This study on special creams does not apply to FDA-approved topical medications such as diclofenac cream or gel (Pennsaid, Voltaren Gel). It does suggest, however, that people not getting adequate relief from over-the-counter or prescription oral pain medicine may want to explore other approaches. Some of these harness the power of the mind-body connection to help people make the pain less intrusive. You may wish to listen to Show 1071: How You Can Get Relief from Chronic Pain or read about the potential benefits of mindfulness in managing pain. You might also contemplate acupuncture or even medical marijuana for pain relief, if your doctor agrees that makes sense.

 

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About the Author
Terry Graedon, PhD, is a medical anthropologist and co-host of The People’s Pharmacy radio show, co-author of The People’s Pharmacy syndicated newspaper columns and numerous books, and co-founder of The People’s Pharmacy website. Terry taught in the Duke University School of Nursing and was an adjunct assistant professor in the Department of Anthropology. She is a Fellow of the Society of Applied Anthropology. Terry is one of the country's leading authorities on the science behind folk remedies. .
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I have used Voltaren gel (both 1% and 2%) twice daily for about 3 years now on my thumb joints to relieve arthritis pain. Used consistently, I notice a significant improvement in symptoms. I have experimented with stopping or decreasing the number of applications and note an increase in pain and swelling. For me, it has decreased the amount of oral NSAID needed to control my symptoms to 3x weekly versus twice a day, which makes a huge difference in my gastric discomfort with the use of Naproxen or Ibuprofen. I am quite grateful for this product.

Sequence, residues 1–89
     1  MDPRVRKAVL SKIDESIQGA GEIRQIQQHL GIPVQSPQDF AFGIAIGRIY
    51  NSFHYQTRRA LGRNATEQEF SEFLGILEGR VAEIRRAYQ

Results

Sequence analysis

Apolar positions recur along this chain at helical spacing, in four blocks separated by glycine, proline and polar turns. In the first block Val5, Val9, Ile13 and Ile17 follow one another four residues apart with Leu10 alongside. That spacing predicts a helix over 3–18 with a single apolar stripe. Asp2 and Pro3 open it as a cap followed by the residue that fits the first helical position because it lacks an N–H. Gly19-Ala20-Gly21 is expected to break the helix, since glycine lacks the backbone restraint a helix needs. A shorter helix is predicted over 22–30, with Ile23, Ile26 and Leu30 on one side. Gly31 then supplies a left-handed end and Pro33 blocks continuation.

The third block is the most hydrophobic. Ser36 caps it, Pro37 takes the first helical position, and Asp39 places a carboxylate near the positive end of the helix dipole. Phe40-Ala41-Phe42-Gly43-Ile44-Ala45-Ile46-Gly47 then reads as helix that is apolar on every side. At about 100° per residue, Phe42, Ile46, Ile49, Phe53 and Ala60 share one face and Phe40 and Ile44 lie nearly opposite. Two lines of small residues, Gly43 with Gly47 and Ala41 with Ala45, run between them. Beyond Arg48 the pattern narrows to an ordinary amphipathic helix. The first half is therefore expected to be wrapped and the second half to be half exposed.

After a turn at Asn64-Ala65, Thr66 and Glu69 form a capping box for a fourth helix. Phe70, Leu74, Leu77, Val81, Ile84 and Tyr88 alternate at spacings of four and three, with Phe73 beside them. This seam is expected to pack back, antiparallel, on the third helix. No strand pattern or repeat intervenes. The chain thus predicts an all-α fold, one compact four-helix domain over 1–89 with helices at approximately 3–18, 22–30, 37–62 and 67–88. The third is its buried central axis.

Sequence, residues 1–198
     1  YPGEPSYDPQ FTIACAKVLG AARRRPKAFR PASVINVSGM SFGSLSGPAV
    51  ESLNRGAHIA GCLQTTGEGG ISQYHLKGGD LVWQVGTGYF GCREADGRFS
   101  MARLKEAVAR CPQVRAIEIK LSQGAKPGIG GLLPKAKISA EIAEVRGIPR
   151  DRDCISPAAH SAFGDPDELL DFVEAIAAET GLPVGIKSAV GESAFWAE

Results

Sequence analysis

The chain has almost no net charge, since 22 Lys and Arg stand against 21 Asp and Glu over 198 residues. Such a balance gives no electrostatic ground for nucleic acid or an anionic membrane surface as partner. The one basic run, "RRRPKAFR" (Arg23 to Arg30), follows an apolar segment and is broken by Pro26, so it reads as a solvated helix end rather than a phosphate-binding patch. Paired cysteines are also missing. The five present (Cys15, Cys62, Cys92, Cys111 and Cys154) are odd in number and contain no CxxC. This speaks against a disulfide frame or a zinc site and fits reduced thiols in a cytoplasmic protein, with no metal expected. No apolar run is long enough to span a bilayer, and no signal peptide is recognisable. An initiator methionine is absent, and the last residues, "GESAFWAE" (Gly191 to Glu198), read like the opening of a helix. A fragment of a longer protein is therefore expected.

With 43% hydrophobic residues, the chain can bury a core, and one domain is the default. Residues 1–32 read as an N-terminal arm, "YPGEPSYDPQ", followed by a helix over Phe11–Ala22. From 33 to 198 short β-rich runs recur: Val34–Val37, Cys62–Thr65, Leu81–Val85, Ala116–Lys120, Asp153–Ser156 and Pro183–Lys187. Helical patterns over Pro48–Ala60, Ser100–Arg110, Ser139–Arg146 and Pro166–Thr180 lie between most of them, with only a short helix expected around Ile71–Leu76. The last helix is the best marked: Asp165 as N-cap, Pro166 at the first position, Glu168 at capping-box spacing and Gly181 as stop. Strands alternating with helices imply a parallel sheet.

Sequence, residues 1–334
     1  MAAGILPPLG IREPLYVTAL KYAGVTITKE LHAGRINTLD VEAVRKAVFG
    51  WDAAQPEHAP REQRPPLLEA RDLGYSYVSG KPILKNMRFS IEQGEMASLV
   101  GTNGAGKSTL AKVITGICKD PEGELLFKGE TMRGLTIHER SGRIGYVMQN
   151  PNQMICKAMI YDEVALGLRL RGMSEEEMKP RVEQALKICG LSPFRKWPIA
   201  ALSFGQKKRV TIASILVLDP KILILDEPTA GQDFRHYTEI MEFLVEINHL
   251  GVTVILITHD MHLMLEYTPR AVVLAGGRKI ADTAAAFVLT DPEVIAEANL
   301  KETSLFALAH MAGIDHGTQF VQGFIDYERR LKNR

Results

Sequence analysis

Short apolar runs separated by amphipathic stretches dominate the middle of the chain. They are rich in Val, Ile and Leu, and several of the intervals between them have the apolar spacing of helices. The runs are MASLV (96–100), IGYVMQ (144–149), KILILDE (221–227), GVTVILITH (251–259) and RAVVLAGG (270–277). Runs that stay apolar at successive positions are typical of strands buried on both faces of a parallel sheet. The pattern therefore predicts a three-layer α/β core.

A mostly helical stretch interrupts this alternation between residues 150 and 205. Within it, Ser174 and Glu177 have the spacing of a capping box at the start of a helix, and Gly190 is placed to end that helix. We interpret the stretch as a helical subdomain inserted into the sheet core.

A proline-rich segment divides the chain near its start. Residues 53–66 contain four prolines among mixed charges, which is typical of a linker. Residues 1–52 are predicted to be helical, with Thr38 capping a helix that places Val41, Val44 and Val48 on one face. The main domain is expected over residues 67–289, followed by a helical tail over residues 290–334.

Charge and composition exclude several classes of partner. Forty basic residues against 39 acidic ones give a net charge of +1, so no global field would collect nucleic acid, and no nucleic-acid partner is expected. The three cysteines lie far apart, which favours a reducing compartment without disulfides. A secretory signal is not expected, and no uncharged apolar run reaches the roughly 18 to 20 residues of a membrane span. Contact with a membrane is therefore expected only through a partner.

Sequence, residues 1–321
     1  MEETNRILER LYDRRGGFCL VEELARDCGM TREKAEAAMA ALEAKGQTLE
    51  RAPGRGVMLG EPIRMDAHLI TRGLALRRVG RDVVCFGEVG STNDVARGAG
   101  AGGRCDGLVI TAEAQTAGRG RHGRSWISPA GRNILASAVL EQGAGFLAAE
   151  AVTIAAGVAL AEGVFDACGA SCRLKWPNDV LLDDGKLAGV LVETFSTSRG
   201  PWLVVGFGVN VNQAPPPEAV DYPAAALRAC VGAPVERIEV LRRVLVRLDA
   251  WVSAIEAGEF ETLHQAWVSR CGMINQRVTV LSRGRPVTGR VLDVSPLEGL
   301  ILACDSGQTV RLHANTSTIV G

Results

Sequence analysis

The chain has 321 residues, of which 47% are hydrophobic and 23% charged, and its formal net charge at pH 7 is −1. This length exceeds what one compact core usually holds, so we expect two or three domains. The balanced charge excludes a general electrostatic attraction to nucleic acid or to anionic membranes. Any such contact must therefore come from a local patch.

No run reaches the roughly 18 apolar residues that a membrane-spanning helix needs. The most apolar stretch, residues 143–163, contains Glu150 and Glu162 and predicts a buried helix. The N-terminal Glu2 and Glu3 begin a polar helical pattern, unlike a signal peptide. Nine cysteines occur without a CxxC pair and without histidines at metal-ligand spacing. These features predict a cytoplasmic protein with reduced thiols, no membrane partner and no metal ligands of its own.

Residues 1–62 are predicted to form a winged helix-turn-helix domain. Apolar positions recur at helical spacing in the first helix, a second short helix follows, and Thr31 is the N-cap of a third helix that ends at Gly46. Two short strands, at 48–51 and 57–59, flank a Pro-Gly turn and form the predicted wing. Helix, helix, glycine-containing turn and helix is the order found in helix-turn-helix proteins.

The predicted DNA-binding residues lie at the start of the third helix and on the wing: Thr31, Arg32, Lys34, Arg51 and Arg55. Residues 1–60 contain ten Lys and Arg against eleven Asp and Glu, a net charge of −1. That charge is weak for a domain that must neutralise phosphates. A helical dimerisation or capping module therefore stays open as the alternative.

I have used a compounded cream containing Ketoprofren, Baclofen, and Lidocaine for several years for shoulder pain after dislocating my shoulder. It definitely works as well as injections and any other cream either over the counter or Voltaran or similar prescriptions. I also heard the NFL uses my cream.

I tried Diclofenac after my Dr. prescribed it for my first experience with arthritis in a knuckle of my right hand. I used it for 2 months. I then had a serious episode of gastritis in which I had to stop eating for days to let the inflammation stop. I just happened to receive the Peoples Pharmacy newsletter in which there was an article stating that there was no connection between digestive problems and Diclofenac, even though people were claiming they were experiencing digestive issues while using Diclofenac. I stopped using it. My gastritis disappeared and has not returned. I now use arnica. It seems to work.